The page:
This year the 13-year cicadas are coming back, so keep an eye out for them in early May.  These cicadas have an interesting life history.  Eggs are laid on tree limbs.  The young larvae feed on the sap, then drop to the ground and burrow.  Soon after, they morph to the nymph stage, feeding on roots for the next 13 years.  Then, sensing the warming ground temperature, they emerge to transform to adults and mate.  They live only a few weeks after emerging from the ground.

Morphing to adult stage, May 13th, 1998.  The cicada has emerged from the exoskeleton immediately to its left.  Nikon F4, 105mm Micro Lens

The adults and emerging nymphs make a plentiful food source for wildlife.  I've seen adult Eastern Screech-Owls bringing cicada nymphs back to their nest for their young to eat.

The insects are said to do little harm to large trees, and smaller ornamentals can be shielded by netting, though this can create a hazard for some wildlife.  Do not use poison.  Many birds and other animals (including your own pets) eat cicadas.  Poison used for cicadas may end up poisoning many other creatures, like the young Eastern Screech-Owl shown in the "Birds" section below.

Many questions about cicadas are answered on the Cicada Mania web site.  It's an interesting and entertaining site.



Although it is a common native tree in Tennessee, the Black Locust is fairly inconspicuous for most of the year.  Many older trees are attacked by the Locust Borer beetle.  This beetle weakens the trees, and the resulting loss of limbs gives them a somewhat ragged form.  The damage also makes them unprofitable as timber.  For much of the year, you might not give Black Locusts a second look.

It is in the spring that Black Locusts really make their presence known.  Towards the end of April and into May, these trees are covered with showy white flower clusters.  Drive just about any back road in Tennessee, and you will find them.  The white flowers look stunning against a blue sky.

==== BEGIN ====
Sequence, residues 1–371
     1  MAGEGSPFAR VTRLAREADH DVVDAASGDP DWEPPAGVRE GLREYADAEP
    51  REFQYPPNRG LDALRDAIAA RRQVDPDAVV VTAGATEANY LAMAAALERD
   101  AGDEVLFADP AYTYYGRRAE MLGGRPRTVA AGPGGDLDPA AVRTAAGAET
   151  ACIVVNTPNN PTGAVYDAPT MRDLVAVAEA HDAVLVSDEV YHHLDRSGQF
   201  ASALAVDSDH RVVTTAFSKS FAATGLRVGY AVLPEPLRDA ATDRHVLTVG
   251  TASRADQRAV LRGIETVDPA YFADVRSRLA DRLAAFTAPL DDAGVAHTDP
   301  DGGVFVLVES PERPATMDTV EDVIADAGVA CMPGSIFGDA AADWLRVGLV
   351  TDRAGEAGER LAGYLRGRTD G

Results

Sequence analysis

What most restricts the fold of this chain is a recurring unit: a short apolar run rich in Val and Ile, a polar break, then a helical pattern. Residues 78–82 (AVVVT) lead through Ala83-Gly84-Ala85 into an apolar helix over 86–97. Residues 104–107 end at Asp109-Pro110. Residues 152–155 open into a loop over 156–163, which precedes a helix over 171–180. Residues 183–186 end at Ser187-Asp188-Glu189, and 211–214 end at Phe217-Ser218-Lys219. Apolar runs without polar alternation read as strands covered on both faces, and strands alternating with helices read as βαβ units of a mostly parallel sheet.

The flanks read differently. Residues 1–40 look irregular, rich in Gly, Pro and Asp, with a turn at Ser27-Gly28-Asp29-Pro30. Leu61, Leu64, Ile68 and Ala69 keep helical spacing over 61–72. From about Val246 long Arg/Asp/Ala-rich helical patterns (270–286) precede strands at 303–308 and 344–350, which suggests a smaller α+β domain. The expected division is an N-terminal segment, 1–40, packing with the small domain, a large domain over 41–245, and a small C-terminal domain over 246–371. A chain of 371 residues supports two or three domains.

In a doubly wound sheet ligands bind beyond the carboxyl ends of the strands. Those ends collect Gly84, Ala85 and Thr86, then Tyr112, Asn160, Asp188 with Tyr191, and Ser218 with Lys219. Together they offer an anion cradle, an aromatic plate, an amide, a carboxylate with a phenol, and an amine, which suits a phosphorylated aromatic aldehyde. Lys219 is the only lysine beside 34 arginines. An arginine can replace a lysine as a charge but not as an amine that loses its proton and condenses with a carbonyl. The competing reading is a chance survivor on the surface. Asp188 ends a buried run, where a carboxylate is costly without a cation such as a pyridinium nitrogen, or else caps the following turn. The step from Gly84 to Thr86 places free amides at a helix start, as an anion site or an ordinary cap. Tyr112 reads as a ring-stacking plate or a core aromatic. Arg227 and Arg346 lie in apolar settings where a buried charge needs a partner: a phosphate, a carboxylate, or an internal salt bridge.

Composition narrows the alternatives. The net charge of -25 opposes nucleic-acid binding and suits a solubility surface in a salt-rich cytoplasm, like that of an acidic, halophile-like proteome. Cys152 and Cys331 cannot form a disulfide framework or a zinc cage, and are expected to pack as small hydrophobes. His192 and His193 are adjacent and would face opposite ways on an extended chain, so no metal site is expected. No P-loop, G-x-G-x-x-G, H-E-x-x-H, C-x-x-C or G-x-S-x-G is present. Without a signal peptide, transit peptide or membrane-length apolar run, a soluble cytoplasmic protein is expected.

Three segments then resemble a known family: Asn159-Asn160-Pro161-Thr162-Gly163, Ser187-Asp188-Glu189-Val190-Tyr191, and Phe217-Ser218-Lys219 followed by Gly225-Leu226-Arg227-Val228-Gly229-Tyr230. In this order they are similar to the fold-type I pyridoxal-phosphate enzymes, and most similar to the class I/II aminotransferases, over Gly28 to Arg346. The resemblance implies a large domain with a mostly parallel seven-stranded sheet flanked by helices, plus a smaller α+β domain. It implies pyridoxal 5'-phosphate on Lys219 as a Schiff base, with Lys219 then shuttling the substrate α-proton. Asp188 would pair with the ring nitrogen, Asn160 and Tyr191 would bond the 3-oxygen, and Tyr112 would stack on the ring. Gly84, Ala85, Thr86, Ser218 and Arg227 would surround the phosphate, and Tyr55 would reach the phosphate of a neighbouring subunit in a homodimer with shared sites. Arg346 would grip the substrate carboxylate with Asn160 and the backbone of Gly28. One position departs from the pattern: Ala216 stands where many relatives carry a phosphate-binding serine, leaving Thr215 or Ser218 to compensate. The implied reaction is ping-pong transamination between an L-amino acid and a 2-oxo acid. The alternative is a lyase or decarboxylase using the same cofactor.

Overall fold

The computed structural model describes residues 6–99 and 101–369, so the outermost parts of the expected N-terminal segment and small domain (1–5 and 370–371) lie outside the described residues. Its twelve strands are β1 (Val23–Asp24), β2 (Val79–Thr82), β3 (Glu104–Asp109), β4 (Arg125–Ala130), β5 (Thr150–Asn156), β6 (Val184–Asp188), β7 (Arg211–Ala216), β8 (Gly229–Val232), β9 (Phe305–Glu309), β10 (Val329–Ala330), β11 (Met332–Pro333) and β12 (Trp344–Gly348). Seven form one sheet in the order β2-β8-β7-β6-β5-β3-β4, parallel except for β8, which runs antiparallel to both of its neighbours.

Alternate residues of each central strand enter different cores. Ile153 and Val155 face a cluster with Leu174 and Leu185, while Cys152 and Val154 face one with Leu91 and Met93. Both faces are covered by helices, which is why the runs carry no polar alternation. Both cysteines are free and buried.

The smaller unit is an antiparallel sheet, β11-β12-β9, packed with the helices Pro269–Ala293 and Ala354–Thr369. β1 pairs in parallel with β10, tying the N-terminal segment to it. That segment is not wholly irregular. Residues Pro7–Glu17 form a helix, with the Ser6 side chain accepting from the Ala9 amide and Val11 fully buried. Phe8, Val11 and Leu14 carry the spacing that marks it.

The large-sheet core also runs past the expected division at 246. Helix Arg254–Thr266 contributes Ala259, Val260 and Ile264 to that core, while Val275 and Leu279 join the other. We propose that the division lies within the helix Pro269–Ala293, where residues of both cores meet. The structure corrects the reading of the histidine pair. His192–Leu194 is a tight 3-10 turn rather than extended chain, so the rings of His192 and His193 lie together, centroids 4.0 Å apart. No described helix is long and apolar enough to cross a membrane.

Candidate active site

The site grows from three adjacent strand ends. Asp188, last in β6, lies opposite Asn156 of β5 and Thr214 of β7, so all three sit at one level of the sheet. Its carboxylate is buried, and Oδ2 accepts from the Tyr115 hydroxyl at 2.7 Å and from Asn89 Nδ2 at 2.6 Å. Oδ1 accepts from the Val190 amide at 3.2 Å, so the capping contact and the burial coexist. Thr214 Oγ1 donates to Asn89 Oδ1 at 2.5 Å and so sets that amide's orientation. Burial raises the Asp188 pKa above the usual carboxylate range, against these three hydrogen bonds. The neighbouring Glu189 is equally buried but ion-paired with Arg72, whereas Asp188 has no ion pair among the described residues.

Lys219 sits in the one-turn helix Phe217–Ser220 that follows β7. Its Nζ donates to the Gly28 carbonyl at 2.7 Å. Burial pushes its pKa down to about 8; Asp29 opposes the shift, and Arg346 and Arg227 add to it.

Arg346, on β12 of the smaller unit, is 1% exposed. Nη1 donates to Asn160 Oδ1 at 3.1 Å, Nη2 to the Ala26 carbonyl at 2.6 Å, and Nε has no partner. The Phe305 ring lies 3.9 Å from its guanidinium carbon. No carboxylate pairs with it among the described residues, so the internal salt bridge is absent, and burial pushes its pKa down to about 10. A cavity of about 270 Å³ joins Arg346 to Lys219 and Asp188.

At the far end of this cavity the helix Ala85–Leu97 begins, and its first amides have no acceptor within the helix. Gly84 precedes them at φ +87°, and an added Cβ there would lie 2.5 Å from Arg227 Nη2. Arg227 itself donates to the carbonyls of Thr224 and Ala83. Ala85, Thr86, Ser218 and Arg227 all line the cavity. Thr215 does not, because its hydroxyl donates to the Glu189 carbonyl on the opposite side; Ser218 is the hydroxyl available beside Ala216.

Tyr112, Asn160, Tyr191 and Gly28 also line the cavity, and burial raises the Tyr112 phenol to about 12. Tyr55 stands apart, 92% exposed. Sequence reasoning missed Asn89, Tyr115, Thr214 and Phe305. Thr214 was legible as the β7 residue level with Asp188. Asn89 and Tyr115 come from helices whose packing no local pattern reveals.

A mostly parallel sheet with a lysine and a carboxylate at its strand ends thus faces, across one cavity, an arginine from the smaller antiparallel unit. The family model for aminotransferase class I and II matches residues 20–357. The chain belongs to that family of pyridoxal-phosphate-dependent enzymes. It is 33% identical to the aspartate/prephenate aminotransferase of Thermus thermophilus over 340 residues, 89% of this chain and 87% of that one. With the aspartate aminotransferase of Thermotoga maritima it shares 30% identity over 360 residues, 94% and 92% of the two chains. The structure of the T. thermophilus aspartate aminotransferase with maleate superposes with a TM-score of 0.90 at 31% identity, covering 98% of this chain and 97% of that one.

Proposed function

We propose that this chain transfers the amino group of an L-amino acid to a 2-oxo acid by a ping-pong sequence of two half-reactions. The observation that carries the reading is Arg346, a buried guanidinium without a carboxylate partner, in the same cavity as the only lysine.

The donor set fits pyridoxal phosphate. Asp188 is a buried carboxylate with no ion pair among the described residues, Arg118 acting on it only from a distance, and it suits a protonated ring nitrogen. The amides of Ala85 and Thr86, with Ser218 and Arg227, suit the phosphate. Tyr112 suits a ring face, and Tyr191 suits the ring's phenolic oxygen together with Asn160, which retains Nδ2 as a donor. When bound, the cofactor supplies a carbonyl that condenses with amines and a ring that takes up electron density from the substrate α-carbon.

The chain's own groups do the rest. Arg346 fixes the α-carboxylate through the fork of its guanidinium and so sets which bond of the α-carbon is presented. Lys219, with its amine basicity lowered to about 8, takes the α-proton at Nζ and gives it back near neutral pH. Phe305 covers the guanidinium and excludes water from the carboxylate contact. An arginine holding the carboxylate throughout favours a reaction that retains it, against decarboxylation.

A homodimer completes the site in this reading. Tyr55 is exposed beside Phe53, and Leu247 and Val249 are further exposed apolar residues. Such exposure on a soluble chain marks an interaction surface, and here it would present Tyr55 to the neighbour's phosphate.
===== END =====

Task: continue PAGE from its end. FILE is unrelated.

Black Locust Trees with Flowers Flower Clusters Black Locust Trunk

Honey made from Black Locusts is sold under the name of acacia honey, and the tree is an important honey plant.  The bark of the tree is very thick and furrowed.  The wood, when free of insect damage, is extremely hard and strong. 

Like the Honey Locust, The Kentucky Coffee Tree and the Redbud, the Black Locust is a member of the legume family.



Bird-Voiced Treefrog

By the end of May all of Tennessee's frogs and toads are either calling or have already reached their peak calling period and are being heard less. The treefrogs are the last of our frogs and toads to start calling.  Cope's Gray Treefrog and Gray Treefrogs start giving isolated calls as early as March, and by the end of this month listen also for Bird-Voiced Treefrogs, Green Treefrogs and Barking Treefrogs.  In May we also hear Fowler's Toads calling frequently, so listen for their "crying baby" call.  Northern Cricket Frogs are  hitting their stride as well.  Listen for a sound like two stones being tapped together.  We have heard eight or more species of frogs calling on some May evenings, so it's a great time to listen.  Upland Chorus Frogs and Spring Peepers continue to call.  Listen for their calls to increase in pitch and quicken with the rising temperatures. 



Young Eastern Screech-Owl, Only about 5 inches tall!  Nashville, June 4th, 1985.  Olympus Camera and Lens.

Try to get out with a pair of binoculars in the early morning in the first two weeks of May to take full advantage of the spring migration.  The later nesting owls like Eastern Screech-Owls are nesting right now.  In late May and early June, the young screech owls can sometimes be heard giving their raspy "begging" calls.  Easier to hear is a sound that the adult owls make around the young owls, a downward slurred whistle about a half second in duration.  This call sounds more like a puppy whimpering than an owl, but you can sometimes follow the sound and come upon a whole group of young screech owls on a tree limb.


The Sibley Guide to Birds, David Allen Sibley

The Sibley Guide to Birds of Eastern North America, David Allen Sibley

An inexpensive guide for beginners is the Golden Guide for Birds.



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Nature Notes Archives:  Nature Notes was a page we published in 2001 and 2002 containing our observations about everything from the northern lights display of November 2001 to frog and salamander egg masses.

Night scenes prepared with The Sky 6 Professional from Software Bisque

All images and recordings 2011 Leaps